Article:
On Thursday Deputy Editor In Chief Luke Hill published KitGuru’s first round of AMD Ryzen coverage with a detailed 9,000 word analysis of the flagship Ryzen 7 1800X processor (read HERE). Even with some rather noticeable 1080p game performance issues, Luke felt the overall package from AMD was still very compelling and it earned our MUST HAVE award.
It was clear to see that the flagship AMD Ryzen 7 1800X excels at rendering, video encoding, media conversion, file archival, cryptographic operations and mathematical computation. It is worth bearing in mind that Intel’s flagship 5960X and 6950x processors still ship at £1050 and £1,600 respectively. The AMD Ryzen 7 1800X has hit retail at £489.99. When you look at some of the computational results, it is hard to believe that those Intel processors are more than twice, or three times the price.
Anything that gives Intel competition has to be seen as good, even for Intel fans. If they finally drive down some of their frankly ridiculous prices, it benefits everyone.
It hasn’t taken long to see that Intel prices are already dropping. Score one for AMD.
A few days after the launch we felt it was important to ask our readers what they thought. It has been after all one of the most hyped, talked about hardware launches in the last decade.
The results of our poll show a sample size of just over 1,000 people.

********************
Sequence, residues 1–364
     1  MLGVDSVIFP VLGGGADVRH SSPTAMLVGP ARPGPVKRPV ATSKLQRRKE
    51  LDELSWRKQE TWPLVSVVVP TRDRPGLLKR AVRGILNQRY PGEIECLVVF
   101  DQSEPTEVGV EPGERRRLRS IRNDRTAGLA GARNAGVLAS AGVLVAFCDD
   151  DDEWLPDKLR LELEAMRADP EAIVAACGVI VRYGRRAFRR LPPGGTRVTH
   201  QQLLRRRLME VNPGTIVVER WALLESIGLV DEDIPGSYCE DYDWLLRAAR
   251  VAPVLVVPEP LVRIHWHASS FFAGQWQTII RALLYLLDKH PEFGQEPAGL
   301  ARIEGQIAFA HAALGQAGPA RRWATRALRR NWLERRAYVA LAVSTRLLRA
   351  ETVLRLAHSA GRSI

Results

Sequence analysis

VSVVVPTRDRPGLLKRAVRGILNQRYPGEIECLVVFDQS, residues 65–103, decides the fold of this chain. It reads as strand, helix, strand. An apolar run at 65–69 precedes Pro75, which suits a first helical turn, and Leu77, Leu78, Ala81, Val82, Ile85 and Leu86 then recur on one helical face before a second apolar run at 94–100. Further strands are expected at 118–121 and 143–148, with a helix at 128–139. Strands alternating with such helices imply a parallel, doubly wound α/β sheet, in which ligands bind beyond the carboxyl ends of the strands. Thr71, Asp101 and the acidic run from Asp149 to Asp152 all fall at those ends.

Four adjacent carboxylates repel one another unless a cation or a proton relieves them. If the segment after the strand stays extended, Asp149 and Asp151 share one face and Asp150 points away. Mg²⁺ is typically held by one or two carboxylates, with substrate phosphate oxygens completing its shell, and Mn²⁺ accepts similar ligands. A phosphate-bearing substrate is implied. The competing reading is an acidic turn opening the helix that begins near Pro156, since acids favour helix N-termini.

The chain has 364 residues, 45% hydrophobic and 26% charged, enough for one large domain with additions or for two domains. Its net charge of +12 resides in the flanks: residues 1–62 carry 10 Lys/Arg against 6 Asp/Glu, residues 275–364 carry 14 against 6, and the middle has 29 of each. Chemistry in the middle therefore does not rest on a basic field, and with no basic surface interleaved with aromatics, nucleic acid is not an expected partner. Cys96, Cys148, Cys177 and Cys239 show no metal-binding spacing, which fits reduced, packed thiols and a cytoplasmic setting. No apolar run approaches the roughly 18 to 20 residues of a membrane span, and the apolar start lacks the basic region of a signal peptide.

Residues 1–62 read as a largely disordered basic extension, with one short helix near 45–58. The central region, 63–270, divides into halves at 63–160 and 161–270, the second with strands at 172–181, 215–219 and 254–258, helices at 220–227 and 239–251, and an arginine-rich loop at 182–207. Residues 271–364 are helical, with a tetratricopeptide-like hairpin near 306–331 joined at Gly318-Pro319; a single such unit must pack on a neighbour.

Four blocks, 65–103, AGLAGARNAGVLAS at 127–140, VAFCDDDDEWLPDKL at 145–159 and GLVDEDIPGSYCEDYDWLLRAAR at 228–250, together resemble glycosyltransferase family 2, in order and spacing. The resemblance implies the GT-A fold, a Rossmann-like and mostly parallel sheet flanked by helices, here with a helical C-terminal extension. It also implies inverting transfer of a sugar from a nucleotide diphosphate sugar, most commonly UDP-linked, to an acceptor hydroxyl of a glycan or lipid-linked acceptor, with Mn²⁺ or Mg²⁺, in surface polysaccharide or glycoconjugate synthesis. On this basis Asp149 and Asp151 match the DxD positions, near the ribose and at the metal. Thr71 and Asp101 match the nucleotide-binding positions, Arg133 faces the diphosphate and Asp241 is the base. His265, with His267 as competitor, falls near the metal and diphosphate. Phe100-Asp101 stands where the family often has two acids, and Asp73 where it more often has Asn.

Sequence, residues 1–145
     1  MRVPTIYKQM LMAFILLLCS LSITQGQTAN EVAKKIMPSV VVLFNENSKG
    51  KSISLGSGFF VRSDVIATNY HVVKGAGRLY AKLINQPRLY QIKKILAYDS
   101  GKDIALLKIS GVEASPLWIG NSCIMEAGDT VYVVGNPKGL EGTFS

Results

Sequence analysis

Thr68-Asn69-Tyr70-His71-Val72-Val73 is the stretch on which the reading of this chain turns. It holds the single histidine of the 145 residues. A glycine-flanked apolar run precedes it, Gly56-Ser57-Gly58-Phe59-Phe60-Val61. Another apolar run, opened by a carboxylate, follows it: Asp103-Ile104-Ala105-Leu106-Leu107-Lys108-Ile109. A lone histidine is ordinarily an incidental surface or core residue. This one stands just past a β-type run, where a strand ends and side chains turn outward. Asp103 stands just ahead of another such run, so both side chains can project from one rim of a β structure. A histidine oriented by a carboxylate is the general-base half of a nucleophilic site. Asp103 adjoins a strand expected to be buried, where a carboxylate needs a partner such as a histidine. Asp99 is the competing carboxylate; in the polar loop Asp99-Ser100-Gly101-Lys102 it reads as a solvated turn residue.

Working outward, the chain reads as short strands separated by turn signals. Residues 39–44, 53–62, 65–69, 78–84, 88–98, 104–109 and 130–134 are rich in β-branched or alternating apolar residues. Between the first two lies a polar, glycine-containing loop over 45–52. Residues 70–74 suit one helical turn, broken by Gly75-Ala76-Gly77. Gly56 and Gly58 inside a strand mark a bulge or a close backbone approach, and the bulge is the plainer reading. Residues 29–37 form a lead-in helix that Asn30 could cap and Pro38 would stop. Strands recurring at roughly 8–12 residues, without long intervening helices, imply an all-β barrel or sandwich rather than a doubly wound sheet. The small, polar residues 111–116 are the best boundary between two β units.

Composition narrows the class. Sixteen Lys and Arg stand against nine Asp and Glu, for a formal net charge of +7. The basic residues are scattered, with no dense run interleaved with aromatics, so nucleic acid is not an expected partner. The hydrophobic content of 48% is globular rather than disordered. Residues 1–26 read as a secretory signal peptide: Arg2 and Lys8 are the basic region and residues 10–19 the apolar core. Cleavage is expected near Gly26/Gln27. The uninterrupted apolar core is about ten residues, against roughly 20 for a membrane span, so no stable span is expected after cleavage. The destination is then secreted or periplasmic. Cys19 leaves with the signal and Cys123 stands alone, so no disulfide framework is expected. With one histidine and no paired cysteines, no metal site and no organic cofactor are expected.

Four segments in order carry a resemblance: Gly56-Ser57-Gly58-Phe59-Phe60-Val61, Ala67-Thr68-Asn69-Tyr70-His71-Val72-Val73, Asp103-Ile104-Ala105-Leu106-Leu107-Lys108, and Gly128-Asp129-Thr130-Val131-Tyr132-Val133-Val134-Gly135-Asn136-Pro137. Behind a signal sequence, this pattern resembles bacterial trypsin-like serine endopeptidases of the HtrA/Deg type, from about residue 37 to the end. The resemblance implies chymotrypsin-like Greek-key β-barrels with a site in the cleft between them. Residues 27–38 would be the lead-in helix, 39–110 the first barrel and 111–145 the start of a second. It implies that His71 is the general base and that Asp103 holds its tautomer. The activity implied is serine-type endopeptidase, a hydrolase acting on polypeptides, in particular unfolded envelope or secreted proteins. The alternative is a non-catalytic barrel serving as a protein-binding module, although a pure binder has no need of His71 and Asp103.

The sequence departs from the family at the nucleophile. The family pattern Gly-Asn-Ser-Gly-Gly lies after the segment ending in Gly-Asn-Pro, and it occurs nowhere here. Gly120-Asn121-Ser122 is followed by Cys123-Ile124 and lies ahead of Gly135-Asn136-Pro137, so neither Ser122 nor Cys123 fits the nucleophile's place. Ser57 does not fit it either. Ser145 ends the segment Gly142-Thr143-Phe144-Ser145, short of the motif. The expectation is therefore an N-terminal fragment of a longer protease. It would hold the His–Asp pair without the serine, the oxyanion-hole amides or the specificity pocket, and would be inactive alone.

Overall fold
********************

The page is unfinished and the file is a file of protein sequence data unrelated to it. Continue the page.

Of those people polled, just over 26% said they have ordered, or will be ordering a Ryzen processor soon. Another 33% said they will be ordering one – but not just right now. Likely the costs to move to a new platform are proving prohibitive for this audience and money will need to be saved.
Gaming performance has been the single biggest talking point of the Ryzen launch, and 25.2% of our readers polled said they will not be moving because of this. This audience are likely hardcore gamers using Skylake or Kaby Lake platforms. Only 4.4% of readers polled said that AMD Ryzen 7 was a flop.
KitGuru Deputy Editor In Chief Luke Hill said ‘Gaming performance is a disappointing aspect of the Ryzen 7 CPU. Despite its high clock speed and solid single-thread performance (shown by Cinebench), the CPU cannot compete with modern Core i7 CPUs in many games and sometimes gets beaten by a 4.2GHz Kaby Lake i5.’ This is just at 1080p mind you because at Ultra HD 4k resolutions, most games become GPU dependant, so there is very little difference between AMD Ryzen 7 and the Intel counterparts.
AMD are aware of the problem and have already spoken about 1080p gaming concerns.
They said: “CPU benchmarking deficits to the competition in certain games at 1080p resolution can be attributed to the development and optimization of the game uniquely to Intel platforms – until now. Even without optimizations in place, Ryzen delivers high, smooth frame rates on all ‘CPU-bound’ games, as well as overall smooth frame rates and great experiences in GPU-bound gaming and VR. With developers taking advantage of Ryzen architecture and the extra cores and threads, we expect benchmarks to only get better, and enable Ryzen excel at next generation gaming experiences as well.”
AMD expect Ryzen performance to continue to improve over time as new games get released and old games get additional optimisation tweaks. This is why AMD has been making partnerships with studios like Bethesda, to ensure popular games are properly tuned to make proper use of Ryzen going forward.
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KitGuru says: It is clear to see that a lot of our readers are, or will be moving to the Ryzen platform. Welcome back AMD.